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Which gauge combination for evening out tone across strings?

Discussion in 'Strings [BG]' started by ProfFrink, Nov 24, 2018.

  1. ProfFrink


    Jan 16, 2015
    (It looks like this should have already been answered, but I couldn't find in search. It's hard to come up with good search-terms for this)

    I have an Ibanez SR1200, which is very nice, except that I find the upper strings (D,G) to be quite a bit more "zingy" than the lower ones, which is a bit annoying sometimes. This brings me to my question:

    Which gauge combination will make the sound more even across strings? 40-105, or 45-100?

    It looks like 45-100 should be more even because the gauges are closer together, but OTOH you you will have to have higher tension on the G and lower on the E, so not quite obvious...

    Is there even a rule for this or does this change from make to make?
  2. catcauphonic

    catcauphonic High Freak of the Low Frequencies SUSPENDED Supporting Member

    Mar 30, 2012
    Seattle WA
    This has been a riddle to me as well. My first bass, a passive Yamaha kinda sounds that way, but it's even more pronounced with my active pre/emg laced Spector... I've described it as 'too guitar-ish, hi-fi, or piano like' at various times anywhere on the D & G strings.

    I tried about 12-15 different sets before deciding that IMO The Ernire Ball Cobalt Rounds seemed to produce the most evenness to me, so I've been sticking with those. Personally i prefer thicker and stiffer strings, and couldn't wait to try their 55-110s (which I really really liked and ordered 4 pairs from Jason at BassStringsOnline! :))

    My amp(s) knobs end up possibly making the biggest corrections to the issue, but I'm still working on dialing that all in, so I'm anxious to hear what more experienced players here have to say about strings & other possible contributing factors.

    Subbed :thumbsup:
    ProfFrink likes this.
  3. SBassman


    Jun 8, 2003
    Northeast, US
    I don't know the answer, but I do know I am always thinking it about D and G strings. If some maker could increase those gauges significantly while not completely screwing up relative tension, it would be a significant improvement.
    ProfFrink likes this.
  4. Nashrakh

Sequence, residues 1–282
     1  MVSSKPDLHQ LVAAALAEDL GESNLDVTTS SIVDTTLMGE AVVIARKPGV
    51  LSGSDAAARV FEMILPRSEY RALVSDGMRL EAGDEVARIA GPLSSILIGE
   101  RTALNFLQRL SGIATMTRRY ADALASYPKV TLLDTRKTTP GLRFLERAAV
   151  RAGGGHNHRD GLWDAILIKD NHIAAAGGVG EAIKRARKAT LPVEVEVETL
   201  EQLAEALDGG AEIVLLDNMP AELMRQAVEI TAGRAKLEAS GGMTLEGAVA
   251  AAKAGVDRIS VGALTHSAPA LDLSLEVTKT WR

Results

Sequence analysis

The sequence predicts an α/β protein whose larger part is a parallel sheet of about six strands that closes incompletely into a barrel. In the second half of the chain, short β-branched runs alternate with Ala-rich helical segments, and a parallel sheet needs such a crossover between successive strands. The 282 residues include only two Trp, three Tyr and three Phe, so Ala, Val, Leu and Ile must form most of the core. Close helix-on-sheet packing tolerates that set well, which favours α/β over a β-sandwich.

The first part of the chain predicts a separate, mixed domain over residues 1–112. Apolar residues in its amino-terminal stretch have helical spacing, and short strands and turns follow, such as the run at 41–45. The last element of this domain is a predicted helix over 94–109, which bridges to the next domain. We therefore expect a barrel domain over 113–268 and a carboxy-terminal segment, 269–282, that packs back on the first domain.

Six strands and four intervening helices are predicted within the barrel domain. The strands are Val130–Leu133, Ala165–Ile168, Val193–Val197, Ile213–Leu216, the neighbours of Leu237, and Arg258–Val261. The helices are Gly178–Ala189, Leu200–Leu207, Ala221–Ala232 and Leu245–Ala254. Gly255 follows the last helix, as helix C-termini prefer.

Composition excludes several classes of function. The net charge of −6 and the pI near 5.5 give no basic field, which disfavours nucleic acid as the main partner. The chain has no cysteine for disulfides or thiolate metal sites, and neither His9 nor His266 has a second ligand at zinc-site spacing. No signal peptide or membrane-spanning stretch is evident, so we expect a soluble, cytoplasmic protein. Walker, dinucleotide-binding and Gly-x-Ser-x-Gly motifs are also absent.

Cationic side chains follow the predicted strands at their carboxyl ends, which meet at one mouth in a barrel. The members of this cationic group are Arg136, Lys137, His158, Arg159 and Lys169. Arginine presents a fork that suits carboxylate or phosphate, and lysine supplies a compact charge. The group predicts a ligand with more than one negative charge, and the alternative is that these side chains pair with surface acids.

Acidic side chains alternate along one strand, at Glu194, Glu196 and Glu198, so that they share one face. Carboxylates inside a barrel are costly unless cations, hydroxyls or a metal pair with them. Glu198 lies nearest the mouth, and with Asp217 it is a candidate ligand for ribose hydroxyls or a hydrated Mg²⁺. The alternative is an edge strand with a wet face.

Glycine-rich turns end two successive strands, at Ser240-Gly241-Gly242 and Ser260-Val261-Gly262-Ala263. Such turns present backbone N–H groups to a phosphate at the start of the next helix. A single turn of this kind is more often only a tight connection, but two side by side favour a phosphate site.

Aug 16, 2008
    Hamburg, Germany
    If you think G strings are tough to even out, try C strings.

    In my experience it's not so much the gauges that contribute to evenness. String construction also makes a difference, and I feel that round core strings are best for this.

    My favorites when it comes to string to string evenness are DR Sunbeams.
    ProfFrink likes this.
  5. Achieving an optimal tonal balance is a process of trials and errors as no specific set of gauges would sound the same on every bass. For example, what sounds "balanced" on my Jazz bass wouldn't necessarily work well on my P bass.

    It also depends on the brand/type of strings. The same set of gauges of strings from different manufacturers can sound and feel quite different on the same bass. Also, what works well with rounds may not work with flats when it comes to tonal balance. And so on...and so on...

    As a former "balanced tension enthusiast", I've come to realize "balanced tension" does NOT always guarantee "balanced tone", depending on the bass and the brand/type of strings.
    ProfFrink likes this.
  6. SBassman


    Jun 8, 2003
    Northeast, US
    Of course, the broken design of the split P on 90% of the P designs in the universe didn't help. Never understood that one. Moving the poles further away from the neck is a sure bet way to screw up tone evenness.
    ProfFrink likes this.
  7. ixlramp


    Jan 25, 2005
    Exactly, this is the dilemma. Consistent tone (which is somewhat subjective) across 4 strings is barely possible, and even less possible for 5+ strings.
    Impossible though, gauges determine tension.

    GHS has an equal tensions set with the G having 2 wrap wire layers instead of 1, and the E having 2 wrap wire layers instead of 3, this helps.
    It also helps if the strings are super-flexible so that the thicker strings don't get so much more of a darker tone (this is Kalium's approach).
    With 2 pickups you can tilt them differently so that the higher strings are biased towards the neck pickup for warmth, and the low strings biased towards the bridge pickup.

    The traditional approach is top-heavy sets for less change of gauge, but then you get more change in tension and therefore also in tonal brightness.
    My personal preference is a bottom-heavy set to tighten up the low strings and loosen the high strings, but most bassists won't like this because they have a phobia of Gs any smaller than .045 or .040. This way you get a more even brightness but the tonal character changes more due to more change in gauge.
    ProfFrink likes this.
  8. I would say your .45-.100 is a good start. I use SIT sets (Nickle Powerwounds) in these gauges for fours and the same gauges in the five string set (B in .125 I believe). That,coupled with backing off the bass EQing , keeps things pretty balanced.
    ProfFrink likes this.
  9. redneck2wild


    Nov 27, 2002
    Memphis, TN
    DR's Jonas Hellborg set sounds similar between strings possibly due to only having a single wire wrap on each string:

    My only complaint with the set is the E string has less tension than the other strings.
    ProfFrink likes this.
  10. If you are seeking for more even tone, 105-45 obviously, the tension is more even than 100-45...

    I personally would prefer 100-45, or 95-40 because the lighter feel...
    ProfFrink likes this.

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